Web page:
Archive for the ‘NBA’ Category

Heat at Raptors Points Per Game: Hail to the King; Gay impresses again; Bosh, like Vince, feeds off of the boos

- February 4th, 2013

A decent game by the Raptors against the defending champs but Miami played far better than when the teams met recently in Miami, so the result was a lot more decisive. Turnover issues, missed shots and bad rotating on defence sunk the Raptors. Well, that and the fact these guys are very, very good.

“They got us out of whack. It did not help that Rudy has only had one day of practice. Going into a game where everyone is not on the same page is tough, but this is the NBA. We have to get back to the practice floor and be able to execute plays. You know the problem was that we did not get stops,” said Dwane Casey.

“We lost something in our rotations which is something we cannot do. That is on a team and not on an individual defender.”

Rudy Gay said he still feels a little weird being a Raptor, but things will settle down and he’ll get more comfortable once he gets some practices in. Gay said he is still “feeling my way out there.”

“It’s easy to play with these guys, we have a great group of guys who all want to win. I just want to come here and help with that.”

Gay said he loves the challenge of taking on LeBron James while Terrence Ross said guarding James is a whole lot different than guarding anybody else in the league. “Yeah, he’s kind of in his own categor,” Ross said of James.

Most of the Raptors were rooting for the Ravens in the Super Bowl, especially Gay, a Maryland native.

Heat head coach Erik Spoelstra respects Toronto’s athleticism.

“They’re aggressive offensively. If you’re late, it’s going to end up in a dunk. They have five or six guys that can compete in the dunk contest. They have that type of athleticism,” Spoelstra said.

Dwyane Wade said Gay would be a big addition for Toronto:

“Rudy is a very good player, he is a guy who can get his shot off at any point,” Wade said.

“They get even more athletic. This team is one of those teams that will continue to get better, especially if they get their confidence going, especially in the second half of the season. It’ll be tougher next time we play them and we have to come with our hard hats again.”

LeBron James agreed. “(Gay) brings another dimension to the team. A guy that can score, rebound, another athletic wing. They are very, very athletic, so they put a lot of pressure on your defence when those guys are in attack mode.”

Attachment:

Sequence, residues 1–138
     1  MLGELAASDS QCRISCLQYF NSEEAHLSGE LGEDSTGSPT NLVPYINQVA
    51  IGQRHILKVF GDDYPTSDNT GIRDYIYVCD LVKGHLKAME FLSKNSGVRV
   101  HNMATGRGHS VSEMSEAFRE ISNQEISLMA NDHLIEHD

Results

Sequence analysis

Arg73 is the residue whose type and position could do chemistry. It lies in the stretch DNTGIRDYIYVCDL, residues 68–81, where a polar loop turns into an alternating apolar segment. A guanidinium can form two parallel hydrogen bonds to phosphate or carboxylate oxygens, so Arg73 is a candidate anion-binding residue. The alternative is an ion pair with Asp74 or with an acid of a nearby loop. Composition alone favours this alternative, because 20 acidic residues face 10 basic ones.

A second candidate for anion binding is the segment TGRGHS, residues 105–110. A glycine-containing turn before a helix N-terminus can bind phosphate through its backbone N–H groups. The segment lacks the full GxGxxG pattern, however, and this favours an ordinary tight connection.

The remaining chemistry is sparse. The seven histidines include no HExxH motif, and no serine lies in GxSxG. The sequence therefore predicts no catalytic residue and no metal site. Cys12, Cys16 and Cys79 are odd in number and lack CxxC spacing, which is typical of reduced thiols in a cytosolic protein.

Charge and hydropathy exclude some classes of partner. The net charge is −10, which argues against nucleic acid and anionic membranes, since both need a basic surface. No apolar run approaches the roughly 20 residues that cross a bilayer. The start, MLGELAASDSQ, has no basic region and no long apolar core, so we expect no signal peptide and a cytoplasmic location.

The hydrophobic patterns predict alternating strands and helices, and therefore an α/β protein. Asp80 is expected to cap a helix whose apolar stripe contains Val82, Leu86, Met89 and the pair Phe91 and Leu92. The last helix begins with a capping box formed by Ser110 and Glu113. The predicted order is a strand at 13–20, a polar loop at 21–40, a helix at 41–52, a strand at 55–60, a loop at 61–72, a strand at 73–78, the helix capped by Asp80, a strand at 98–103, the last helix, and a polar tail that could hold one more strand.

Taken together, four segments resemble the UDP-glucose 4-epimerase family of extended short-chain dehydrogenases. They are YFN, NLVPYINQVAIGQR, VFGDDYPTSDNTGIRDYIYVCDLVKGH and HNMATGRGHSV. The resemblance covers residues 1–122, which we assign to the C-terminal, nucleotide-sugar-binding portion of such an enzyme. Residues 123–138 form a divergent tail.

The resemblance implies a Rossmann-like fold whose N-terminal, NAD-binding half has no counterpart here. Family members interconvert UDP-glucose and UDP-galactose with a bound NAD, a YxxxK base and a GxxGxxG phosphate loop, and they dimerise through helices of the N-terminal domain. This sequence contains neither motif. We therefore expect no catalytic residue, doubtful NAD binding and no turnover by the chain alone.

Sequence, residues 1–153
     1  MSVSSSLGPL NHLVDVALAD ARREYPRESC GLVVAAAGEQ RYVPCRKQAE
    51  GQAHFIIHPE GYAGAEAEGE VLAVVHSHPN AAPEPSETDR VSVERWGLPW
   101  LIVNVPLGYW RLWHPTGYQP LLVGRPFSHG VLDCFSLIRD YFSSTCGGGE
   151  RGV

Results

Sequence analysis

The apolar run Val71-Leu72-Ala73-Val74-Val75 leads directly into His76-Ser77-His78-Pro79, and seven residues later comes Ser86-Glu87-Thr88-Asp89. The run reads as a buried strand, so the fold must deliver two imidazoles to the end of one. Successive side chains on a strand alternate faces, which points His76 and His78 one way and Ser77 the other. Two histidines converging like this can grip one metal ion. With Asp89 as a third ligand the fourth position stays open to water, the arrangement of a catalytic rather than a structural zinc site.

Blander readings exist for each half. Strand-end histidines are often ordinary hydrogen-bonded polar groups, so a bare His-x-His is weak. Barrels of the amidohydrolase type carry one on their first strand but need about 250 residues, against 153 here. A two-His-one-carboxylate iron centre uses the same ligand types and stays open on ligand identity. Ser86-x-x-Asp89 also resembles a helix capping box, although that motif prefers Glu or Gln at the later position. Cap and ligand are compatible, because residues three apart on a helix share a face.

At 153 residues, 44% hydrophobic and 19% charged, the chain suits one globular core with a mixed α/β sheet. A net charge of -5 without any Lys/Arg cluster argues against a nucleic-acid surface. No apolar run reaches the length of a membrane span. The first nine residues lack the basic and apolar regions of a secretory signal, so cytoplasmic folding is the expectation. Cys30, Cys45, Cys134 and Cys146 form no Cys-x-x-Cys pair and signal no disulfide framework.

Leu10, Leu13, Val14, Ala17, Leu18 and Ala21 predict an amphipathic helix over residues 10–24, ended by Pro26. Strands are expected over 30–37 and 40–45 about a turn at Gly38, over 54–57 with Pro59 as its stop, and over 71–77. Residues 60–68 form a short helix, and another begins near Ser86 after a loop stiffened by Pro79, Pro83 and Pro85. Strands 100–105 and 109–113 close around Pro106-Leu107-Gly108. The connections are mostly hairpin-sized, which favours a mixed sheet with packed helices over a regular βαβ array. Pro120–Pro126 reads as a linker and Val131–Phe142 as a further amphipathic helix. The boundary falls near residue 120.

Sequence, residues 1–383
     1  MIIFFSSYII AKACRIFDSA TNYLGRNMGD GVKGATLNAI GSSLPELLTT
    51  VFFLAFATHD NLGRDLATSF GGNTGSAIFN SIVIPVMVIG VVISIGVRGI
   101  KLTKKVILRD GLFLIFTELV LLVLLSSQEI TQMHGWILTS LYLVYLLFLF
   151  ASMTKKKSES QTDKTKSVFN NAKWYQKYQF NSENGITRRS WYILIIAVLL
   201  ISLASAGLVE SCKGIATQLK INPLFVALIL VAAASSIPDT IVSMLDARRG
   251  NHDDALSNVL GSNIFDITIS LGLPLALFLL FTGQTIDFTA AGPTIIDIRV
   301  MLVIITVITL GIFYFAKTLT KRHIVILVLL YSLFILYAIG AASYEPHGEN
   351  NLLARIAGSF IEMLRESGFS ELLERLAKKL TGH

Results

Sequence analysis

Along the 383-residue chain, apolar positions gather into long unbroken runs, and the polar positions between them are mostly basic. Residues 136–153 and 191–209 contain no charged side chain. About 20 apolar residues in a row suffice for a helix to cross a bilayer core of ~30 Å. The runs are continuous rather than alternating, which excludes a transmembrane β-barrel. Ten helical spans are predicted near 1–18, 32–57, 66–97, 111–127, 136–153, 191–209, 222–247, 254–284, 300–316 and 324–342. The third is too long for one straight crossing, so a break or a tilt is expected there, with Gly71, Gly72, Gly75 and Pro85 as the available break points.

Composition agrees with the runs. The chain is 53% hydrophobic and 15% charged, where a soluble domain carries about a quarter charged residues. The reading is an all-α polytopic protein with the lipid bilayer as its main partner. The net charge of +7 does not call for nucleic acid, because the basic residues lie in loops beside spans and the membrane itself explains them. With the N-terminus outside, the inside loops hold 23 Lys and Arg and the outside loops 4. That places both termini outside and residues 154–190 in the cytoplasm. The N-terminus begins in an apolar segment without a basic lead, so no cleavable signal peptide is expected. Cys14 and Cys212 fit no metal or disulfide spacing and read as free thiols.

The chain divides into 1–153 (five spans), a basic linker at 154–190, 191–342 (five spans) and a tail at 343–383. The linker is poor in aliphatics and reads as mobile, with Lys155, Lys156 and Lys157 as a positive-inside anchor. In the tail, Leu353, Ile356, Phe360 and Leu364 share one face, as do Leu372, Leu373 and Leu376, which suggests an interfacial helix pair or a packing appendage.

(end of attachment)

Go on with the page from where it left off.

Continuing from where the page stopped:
James enjoyed attending the Maple Leafs-Bruins game on Saturday. “It was awesome, that was my first hockey game and I picked a good one to go to. It was a lot of fun and the people treated us with open arms. Great hospitality.” The ACC patrons greeted the heat with a lot of hospitality on Sunday as well, though Chris Bosh got a lot of boos, which he said motivated him.

A couple more points:

- Kyle Lowry needs to find his game. Practice will help, but we haven’t seen his usual aggression level and his decision-making hasn’t been good. He’s forcing passes.

- Aaron Gray has given the Raptors a huge lift. Until Jonas Valanciunas catches up to the NBA game a little bit more, Gay is going to continue to see a lot of minutes.

- Might be time to cut Alan Anderson’s minutes drastically now that Gay is here. Anderson’s in a bad shooting slump and now isn’t needed to play as much, since Gay is a huge minutes eater. With the playoffs a longshot, Terrence Ross should be getting more minutes than Anderson every night.

 

 

 

 

 

 

 

 

Clippers at Raptors Points Per Game; Heck of a debut, heck of a night

- February 2nd, 2013

Well, that was a rare bit of fun for the ACC faithful. The start of the Rudy Gay era really couldn’t have unfolded any better. A pair of alley-oops right away, some fearless firing from outside, a crushing of one of the NBA’s top teams, evidence that Gay and DeMar DeRozan just might be able to co-exist well together after all … It’s been a long time since there’s been a buzz like that for basketball at the ACC. Hopefully it’s the start of something good, because everybody’s sick of watching (and in this case, covering) bad basketball and bad basketball teams.

It’s dangerous to get carried away by one night, especially by what someone does in his first appearance, because the adrenaline doesn’t surge like that every night – there’s always an extra boost on Day 1 – but that was impressive.

Gay brings the Raptors a presence the team hasn’t had, really, since Chris Bosh left town. Players were even joking about it afterward when a huge swarm of media gathered by Gay’s locker. He was getting some treatment after the game, the result of a long day (left Memphis at 5 a.m.) so took a while. After he answered questions (and before he answered even more from a few more reporters), Gay joked: ‘Y’all waited around for that?’ Mocking his answers. Unlike some stars, Gay carries himself like a normal, friendly person. After one question came out a bit mangled from a reporter who apologized, he even joked that it was all good because he butchers answers all of the time.